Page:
Sunday, June 26, 2005

Justice for Women: Some Urgent Steps

Dr. Khaled Batarfi,

Before I left home today, I was shocked to see our neighbor so broken. She was beaten hard by her drunken husband. He banged her head to the wall, knifed her hand, and used metal and wood sticks over all parts of her body. When she escaped, he followed her to the street. She was only saved when my family took her in.

Later in the day, the poor woman returned home for the sake of her three-year-old daughter.

What options does she have? I wondered. She could go to the police, but she might not be able to prove her case. If she could get through all the painful legal and security procedures that could go on for years, how could she and her little daughter survive? If divorced, she will be deported to Somalia, her poverty-stricken country.

Thousands of women are grilled in a harsh, unfair cultural and legal environment. A woman may escape but that would be a move from her family’s fire to society’s Hell.

A Saudi woman was refused once and again her man of choice. When she protested, her father threw her out and her uncle took her in. Both insisted she can’t marry an airline captain because he would be away most of the time.

With nowhere to go, she went back to her father and accepted the first suitor. As it turned out, he was an animal — rough, tough, and raw. He would see her unconscious on the ground and take her to bed to fulfill his desires, instead of calling for medical help. When she finally left home and walked mindless all over town till midnight, everyone assumed she ran with a boyfriend. She accepted all kinds of punishment on her return to her family but insisted she would prefer to die before she returned to her husband.

After divorce, she was put under virtual house arrest; denied marriage, education and even contact with her divorced mother for many years. No friends, visitors, parties or telephone calls were allowed. When the ban on marriage was finally lifted, she felt so scared that she might refuse suitors for fear of more nightmares with another heartless man.

She was luckier than others, though. Many women had to accept life of endless nightmares with abusing husbands for the sake of their kids, or because their families won’t take them back, or they can’t prove their case to biased male-dominated courts. A woman I know endured over ten years of torture to stay with her six children. When she couldn’t take it anymore, she filed for divorce and custody. Because she didn’t cover her face in court, the judge assumed she was unfit to raise them properly. He ruled that she could see them once a week, but her ex-husband invented all kinds of excuses not to let her. For years, she would wait in a car outside their schools and home just to see them going in and out. She finally had the ruling overturned and won custody. Without her rich and well-connected father, she wouldn’t have managed.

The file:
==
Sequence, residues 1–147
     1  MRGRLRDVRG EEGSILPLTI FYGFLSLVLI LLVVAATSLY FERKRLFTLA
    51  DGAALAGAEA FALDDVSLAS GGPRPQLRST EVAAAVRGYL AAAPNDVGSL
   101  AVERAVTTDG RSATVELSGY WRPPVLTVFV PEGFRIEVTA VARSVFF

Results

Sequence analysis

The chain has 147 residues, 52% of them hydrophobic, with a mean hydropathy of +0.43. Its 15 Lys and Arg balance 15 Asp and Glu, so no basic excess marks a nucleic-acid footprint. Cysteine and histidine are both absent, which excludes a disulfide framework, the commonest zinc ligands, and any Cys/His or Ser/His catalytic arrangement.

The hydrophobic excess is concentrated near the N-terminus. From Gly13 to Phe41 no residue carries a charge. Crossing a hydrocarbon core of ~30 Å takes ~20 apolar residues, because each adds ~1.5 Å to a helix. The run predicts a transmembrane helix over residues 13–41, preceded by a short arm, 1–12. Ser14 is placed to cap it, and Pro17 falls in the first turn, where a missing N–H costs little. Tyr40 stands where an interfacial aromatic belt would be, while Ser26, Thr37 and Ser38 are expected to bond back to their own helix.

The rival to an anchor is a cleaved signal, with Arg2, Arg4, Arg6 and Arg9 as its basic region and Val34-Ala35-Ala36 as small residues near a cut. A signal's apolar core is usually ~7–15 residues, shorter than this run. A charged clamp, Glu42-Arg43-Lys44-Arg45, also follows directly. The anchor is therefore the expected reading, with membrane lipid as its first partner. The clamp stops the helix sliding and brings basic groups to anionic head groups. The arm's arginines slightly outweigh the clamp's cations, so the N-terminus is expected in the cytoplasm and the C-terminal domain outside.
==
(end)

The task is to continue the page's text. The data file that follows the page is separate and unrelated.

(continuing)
Another woman who fled with her kids from an abusing father found protection with a prominent family. After a long process, the court found that he did abuse his kids ... sexually. Another father was torturing his infant daughter. Her mother had to cover up because she had nowhere to go if divorced. Doctors refused her lame explanation and informed the authorities. Mother and daughter are now in a safe home while the investigation is going on.

Many mothers are blackmailed to drop their custody right for freedom. Overwhelmed courts are making it so difficult for poor and ignorant women to file for divorce, not to mention the difficulty of proving grounds for breakup. The few safe homes in major cities cannot cope with all cases. A free legal aid is just starting in Jeddah, and had yet to be readily available to women in distress.

Small steps and half measures are not enough. We need to discuss the whole issue of “women under stress” in an open national forum with women making half the participants. Major changes to the legal and court system has to be made. Safe homes, police protection, hotlines for help, easier access to legal aid, women sections in courts and — why not? — female judges are needed. We also need harsher and faster justice: An eye for an eye, longer prison terms, and larger compensation. These and other solutions will come up in such forums, and we must implement them not tomorrow, not today, but yesterday. It is high time for real justice for women.

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